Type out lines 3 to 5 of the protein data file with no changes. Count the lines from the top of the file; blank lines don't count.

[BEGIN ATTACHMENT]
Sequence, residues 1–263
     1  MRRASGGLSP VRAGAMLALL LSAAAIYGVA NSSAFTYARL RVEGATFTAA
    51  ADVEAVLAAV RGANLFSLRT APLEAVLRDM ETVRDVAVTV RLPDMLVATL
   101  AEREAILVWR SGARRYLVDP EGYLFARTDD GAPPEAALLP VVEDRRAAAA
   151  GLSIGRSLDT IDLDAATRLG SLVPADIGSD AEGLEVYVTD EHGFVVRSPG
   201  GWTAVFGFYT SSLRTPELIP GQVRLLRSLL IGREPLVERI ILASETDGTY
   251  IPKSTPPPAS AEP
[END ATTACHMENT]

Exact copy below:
    51  ADVEAVLAAV RGANLFSLRT APLEAVLRDM ETVRDVAVTV RLPDMLVATL
   101  AEREAILVWR SGARRYLVDP EGYLFARTDD GAPPEAALLP VVEDRRAAAA
   151  GLSIGRSLDT IDLDAATRLG SLVPADIGSD AEGLEVYVTD EHGFVVRSPG